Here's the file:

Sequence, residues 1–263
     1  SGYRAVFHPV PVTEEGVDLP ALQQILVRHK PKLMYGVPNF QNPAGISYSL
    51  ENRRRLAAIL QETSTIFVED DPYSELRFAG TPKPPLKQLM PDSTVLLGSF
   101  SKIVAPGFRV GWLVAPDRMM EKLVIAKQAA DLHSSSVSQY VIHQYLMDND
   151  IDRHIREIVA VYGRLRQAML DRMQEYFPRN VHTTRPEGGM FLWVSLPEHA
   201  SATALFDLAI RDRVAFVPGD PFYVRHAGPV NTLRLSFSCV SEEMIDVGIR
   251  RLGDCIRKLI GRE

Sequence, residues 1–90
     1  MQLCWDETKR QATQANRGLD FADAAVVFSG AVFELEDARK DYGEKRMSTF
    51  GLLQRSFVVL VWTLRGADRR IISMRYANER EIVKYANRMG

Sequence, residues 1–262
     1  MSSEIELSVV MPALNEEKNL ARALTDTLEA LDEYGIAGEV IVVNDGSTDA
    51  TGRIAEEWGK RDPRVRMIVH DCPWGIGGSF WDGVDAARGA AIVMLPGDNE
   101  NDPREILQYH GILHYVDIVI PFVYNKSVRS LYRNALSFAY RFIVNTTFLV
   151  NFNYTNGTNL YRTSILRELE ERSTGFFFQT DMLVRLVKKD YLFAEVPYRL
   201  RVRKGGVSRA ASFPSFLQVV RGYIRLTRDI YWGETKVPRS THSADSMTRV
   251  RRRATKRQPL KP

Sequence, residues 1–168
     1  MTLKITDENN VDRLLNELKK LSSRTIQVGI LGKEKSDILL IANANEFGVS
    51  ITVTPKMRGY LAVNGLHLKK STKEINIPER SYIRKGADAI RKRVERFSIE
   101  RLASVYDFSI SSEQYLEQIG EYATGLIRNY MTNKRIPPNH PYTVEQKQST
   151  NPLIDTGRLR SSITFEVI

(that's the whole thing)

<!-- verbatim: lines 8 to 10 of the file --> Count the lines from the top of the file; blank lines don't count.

Sequence, residues 1–90
     1  MQLCWDETKR QATQANRGLD FADAAVVFSG AVFELEDARK DYGEKRMSTF
    51  GLLQRSFVVL VWTLRGADRR IISMRYANER EIVKYANRMG